At the start of 2022, bond investors were already facing the highest inflation rates in decades across most large western economies. Now, following Russia’s invasion of Ukraine last month, which drove commodity prices to their highest level since 2008, inflation well in excess of central bank targets is expected to stick around for even longer.
For central bankers, this economic fallout from the Ukraine war has sharpened a dilemma: how to tackle rising prices without choking off economic recovery from the coronavirus pandemic?
“There’s been a stagflation concern around for a while and, with everything that’s happening in Ukraine, that’s really starting to accelerate,” says Gregory Peters, co-chief investment officer at PGIM Fixed Income, the asset manager.
The US Federal Reserve and the European Central Bank have, so far, appeared to stick to their guns, emphasizing the fight against inflation rather than the threat to growth posed by the “oil shock” of the Ukraine invasion.
The Fed last week delivered its first post-Covid interest rate rise by a quarter of a percentage point, to a target range of 0.25 per cent to 0.5 per cent, and signaled it expects a further six increases this year. The Bank of England raised its base rate to 0.75 per cent at its third meeting in succession on Thursday. And even the typically more dovish ECB accelerated the winding down of its asset purchase program this month, leaving markets braced for higher rates in the eurozone later in the year.
To some investors, that is a sign that central bankers will not come riding to the rescue at the first sign of economic trouble or a setback in stock markets – as they often did in the period after the 2008-9 global financial crisis.
“People have been preconditioned by central banks to ‘buy the dips’ over the past decade,” says Peters. “But with inflation that is still high and has become politicized, I’m not sure you can blithely use the same playbook.”
US short-term bond yields, which are highly sensitive to interest rate expectations, have charged higher in recent months, with the outbreak of conflict in Ukraine only briefly arresting their rise. The two-year Treasury yield has risen to 1.92 per cent from less than 0.8 per cent at the start of the year.
In Europe, with its greater reliance on Russian energy imports, short-term borrowing costs sank at the start of the conflict but have since rebounded to levels seen in mid-February. Many fund managers believe that the economic fallout from the war will prompt the likes of the ECB and the BoE to move more slowly on rates later in the year.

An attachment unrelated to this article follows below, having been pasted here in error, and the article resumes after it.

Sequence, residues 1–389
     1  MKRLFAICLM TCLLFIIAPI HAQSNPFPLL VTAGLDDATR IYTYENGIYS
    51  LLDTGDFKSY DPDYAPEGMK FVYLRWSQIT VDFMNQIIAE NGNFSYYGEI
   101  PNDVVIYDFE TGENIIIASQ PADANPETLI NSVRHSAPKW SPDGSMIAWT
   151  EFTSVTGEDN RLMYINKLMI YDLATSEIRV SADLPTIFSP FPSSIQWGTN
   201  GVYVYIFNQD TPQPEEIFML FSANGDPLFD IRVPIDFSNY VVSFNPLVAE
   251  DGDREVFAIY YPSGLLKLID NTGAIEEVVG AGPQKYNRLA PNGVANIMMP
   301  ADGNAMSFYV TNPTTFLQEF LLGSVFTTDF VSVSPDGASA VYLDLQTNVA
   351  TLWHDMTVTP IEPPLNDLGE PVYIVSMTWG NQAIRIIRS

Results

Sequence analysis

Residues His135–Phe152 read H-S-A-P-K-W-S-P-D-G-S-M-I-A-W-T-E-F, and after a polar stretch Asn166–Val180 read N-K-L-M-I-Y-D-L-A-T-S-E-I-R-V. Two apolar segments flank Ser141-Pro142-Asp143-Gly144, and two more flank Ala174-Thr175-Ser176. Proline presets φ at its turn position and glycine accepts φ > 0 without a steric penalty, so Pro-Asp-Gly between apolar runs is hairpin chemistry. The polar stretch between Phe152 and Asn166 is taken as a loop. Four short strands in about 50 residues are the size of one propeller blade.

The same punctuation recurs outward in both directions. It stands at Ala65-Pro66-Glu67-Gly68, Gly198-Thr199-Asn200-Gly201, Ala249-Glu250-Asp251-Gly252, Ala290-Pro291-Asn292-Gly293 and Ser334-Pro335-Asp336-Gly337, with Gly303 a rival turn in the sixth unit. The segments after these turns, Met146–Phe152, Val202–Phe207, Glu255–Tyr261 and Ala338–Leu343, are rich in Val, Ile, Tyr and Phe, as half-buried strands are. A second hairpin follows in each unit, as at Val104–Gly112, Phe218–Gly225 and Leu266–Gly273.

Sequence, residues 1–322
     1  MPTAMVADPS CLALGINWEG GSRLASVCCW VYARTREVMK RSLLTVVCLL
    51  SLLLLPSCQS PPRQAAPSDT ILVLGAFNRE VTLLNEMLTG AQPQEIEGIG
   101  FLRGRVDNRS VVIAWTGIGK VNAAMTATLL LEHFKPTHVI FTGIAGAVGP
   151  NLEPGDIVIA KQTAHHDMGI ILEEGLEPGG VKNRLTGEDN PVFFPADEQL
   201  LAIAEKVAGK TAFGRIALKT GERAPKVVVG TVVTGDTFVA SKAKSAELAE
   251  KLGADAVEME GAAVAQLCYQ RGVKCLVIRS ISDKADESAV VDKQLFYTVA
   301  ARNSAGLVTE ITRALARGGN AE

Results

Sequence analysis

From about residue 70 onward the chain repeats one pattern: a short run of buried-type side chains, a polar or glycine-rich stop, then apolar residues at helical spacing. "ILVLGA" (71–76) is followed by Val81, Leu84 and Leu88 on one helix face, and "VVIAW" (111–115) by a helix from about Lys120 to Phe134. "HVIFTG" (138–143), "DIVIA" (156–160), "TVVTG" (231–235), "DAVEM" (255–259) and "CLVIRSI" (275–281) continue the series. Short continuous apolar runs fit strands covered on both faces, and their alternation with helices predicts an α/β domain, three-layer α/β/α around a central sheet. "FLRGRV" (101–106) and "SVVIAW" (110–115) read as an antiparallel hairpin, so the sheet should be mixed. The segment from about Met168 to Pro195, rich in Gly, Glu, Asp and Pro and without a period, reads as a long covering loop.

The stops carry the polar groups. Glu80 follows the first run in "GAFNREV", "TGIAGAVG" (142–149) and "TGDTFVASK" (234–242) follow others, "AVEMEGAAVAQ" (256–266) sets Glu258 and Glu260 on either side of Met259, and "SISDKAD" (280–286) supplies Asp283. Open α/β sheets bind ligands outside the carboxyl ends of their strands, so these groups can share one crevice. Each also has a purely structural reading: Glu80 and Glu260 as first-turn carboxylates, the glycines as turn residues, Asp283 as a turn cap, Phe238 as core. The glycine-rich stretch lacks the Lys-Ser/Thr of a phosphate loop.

“The nature of inflation has changed,” says Christian Kopf, head of fixed income at Union Investment, the German asset manager.
“Before this oil shock, we had a mixture of supply- and demand-driven inflation. Now, it’s clearly mainly supply-driven, and that warrants a different central bank reaction, ”he argues.
“We have a big shock to activity in the euro area and it does not make sense to hike at the moment.”
In fact, further rises in oil prices, despite their short-term inflationary impact, could actually help dampen longer-term inflation expectations by sapping the strength of the economy, according to Simon Lue-Fong, head of fixed income at Vontobel Asset Management .
The price of a barrel of Brent crude has surged close to $ 130 from less than $ 80 at the start of the year. Last Thursday, it traded at just under $ 105. “The longer the oil price stays high, the more damage it will do to growth or inflation expectations,” Lue-Fong says.
Even before the outbreak of the Ukraine conflict, bond investors were questioning how far central bankers would be able to tighten policy without snuffing out the recovery. Longer-term bond yields have also risen in recent months, but their ascent has been much more modest than that seen in, for example, two-year debt. The US 10-year yield trades at 2.15 per cent, up from a little over 1.5 per cent at the end of 2021.
This so-called flattening of the yield curve – where the gap between short-term and long-term yields shrinks – is even more pronounced in the UK and is often seen as a market signal that growth is set to slow.
Many investors think an inversion of the yield curve – where long-dated bond yields fall below short-term interest rates – is possible later in the year if central banks go ahead with a series of rate rises. An inverted curve can indicate that investors expect the central bank will be forced to cut rates due to an impending downturn and has, for decades, been a reliable predictor of recession.
“What the market has been telling you quite clearly over the past six months is that we are caring towards a policy mistake, and that looks even more likely now,” says Peters. “I’m not trying to say central bankers are stupid – it’s just incredibly difficult to get this right.”